IDC Expects Growth of the Number of Worldwide Professional Developers to Slow

FRAMINGHAM, MASS., MARCH 2, 2000 — In the midst of a worldwide IT skills shortage, IDC today released findings that could compound the problem. Growth of the number of worldwide professional developers will temper beginning this year and slow even further through 2003. Last year, the number of professional developers worldwide increased 11.5%. IDC says growth will slow to 9.6% in 2000, and by 2003, it will be under 6%.

"Our forecast for worldwide professional developers shows declining annual growth due to the stability of the population in developed countries, the already high penetration of IT professionals in these developed countries, the complexity of adopting IT in underdeveloped countries, and increasing productivity of professional developers," said Stephen Hendrick, Vice President of IDC's Application Development and Deployment research.

IDC expects the number of developers will increase the fastest in the Asia/Pacific region where despite the complexities of moving to a highly industrialized economy, there is tremendous demand for IT. "The less developed status of this region enables it to enjoy a more rapid uptake of IT, which, combined with its large populations, will significantly increase its ranks of professional developers," Hendrick said.

IDC also revealed that Visual Basic, which is the most widely used developer's language, will be overtaken by HTML in 2002. Component-based development, Java, and Internet RAD, however, will be the fastest-growing languages.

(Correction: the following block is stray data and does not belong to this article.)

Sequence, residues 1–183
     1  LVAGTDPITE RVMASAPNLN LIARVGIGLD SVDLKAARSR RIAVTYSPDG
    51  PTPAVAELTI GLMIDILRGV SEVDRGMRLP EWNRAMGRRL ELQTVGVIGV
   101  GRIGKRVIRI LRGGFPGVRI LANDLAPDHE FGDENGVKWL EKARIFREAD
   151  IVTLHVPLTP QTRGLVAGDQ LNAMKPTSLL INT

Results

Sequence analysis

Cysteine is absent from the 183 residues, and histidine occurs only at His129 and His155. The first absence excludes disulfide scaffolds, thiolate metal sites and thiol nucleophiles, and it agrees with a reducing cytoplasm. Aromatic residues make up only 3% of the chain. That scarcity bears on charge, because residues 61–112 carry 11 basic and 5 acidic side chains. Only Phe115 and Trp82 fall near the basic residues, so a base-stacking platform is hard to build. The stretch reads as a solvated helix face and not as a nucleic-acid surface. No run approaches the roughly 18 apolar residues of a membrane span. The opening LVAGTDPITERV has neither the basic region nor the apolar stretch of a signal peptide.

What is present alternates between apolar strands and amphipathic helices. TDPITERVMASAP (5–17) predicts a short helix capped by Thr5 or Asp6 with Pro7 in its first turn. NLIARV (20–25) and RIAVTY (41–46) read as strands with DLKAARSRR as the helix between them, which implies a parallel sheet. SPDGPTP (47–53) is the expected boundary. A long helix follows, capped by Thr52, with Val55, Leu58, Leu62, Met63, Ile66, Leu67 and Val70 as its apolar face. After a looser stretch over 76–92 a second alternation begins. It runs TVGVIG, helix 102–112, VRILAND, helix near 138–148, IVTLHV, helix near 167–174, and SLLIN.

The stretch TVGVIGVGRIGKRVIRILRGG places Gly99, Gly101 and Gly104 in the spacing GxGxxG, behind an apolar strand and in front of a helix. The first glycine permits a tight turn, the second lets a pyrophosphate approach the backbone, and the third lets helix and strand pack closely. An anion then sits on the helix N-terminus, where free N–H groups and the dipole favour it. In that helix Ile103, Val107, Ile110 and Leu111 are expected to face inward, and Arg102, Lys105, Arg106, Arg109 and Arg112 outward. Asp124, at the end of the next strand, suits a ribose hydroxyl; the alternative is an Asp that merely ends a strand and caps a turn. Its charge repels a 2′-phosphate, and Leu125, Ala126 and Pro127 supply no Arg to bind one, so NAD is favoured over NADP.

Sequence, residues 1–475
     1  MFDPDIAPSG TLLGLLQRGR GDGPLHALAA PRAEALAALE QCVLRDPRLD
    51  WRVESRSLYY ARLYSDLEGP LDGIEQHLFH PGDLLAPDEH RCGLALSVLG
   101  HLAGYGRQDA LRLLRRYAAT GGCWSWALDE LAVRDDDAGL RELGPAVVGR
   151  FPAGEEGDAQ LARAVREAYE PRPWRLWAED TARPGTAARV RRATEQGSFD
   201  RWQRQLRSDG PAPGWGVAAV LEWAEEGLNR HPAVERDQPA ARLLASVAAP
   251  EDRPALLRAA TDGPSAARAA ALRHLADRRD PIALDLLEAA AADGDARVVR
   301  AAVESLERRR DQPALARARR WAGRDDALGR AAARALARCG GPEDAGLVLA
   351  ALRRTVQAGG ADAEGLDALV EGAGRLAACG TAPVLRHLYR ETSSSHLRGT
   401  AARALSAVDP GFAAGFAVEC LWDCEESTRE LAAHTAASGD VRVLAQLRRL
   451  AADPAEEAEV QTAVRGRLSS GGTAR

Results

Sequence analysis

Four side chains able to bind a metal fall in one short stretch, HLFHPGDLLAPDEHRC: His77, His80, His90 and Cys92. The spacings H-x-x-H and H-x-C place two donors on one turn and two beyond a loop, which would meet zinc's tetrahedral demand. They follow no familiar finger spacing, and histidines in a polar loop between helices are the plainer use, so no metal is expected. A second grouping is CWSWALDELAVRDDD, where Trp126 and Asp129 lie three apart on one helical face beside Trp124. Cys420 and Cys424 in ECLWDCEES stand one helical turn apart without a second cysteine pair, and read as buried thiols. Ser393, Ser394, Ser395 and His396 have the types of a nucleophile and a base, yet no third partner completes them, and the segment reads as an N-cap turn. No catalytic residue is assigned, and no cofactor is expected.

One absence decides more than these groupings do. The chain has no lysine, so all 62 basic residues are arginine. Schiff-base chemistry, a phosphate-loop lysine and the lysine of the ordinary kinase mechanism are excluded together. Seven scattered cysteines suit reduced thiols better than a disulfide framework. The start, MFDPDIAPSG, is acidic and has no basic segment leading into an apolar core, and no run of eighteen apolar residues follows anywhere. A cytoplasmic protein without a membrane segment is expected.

"Java has temporarily stolen the spotlight from all other programming languages. It derives its competitive advantage from ease of use and Web integration across all platforms," Hendrick said. "Organizations that don't want to be left behind on the World Wide Web are hiring developers at large salaries to enhance their Web pages with this wonder language."

IDC's new report The 1999 IDC Worldwide Professional Developer Model (IDC #B21268) is a detailed model of the number of professional developers in 195 countries and professional developer seats for 13 language classes and 5 geographic regions. The report forecasts the number of worldwide professional developers by geographic region and country; developer seats by language; COBOL; C and C++; other 3GL; Java; Smalltalk; Visual Basic; 4GL; 4GL, 3GL, and Internet RAD; CBD; HTML; and other language developer seat by geographic region through 2003. It also discusses key macroeconomic trends in each region. To order a copy of the report, contact Cheryl Toffel at 1-800-343-4952, ext. 4389 or at ctoffel@idc.com. For more information on IDC's Components, Objects, and Development Environments research program, contact Pat Duhl at 949-442-4038 or at pduhl@idc.com.

About IDC

IDC delivers dependable, relevant, and high-impact data and insight on information technology to help organizations make sound business and technology decisions. IDC forecasts worldwide IT markets and technology trends and analyzes IT products and vendors, using a combination of rigorous primary research and in-depth competitive analysis. IDC is committed to providing global research with local content through more than 500 analysts in 42 countries worldwide. IDC's customers comprise the world's leading IT suppliers, IT organizations, and the financial community. Additional information can be found at http://www.idc.com.

IDC is a division of International Data Group, the world's leading IT media, research, and exposition company.

# # #

All product and company names may be trademarks or registered trademarks of their respective holders.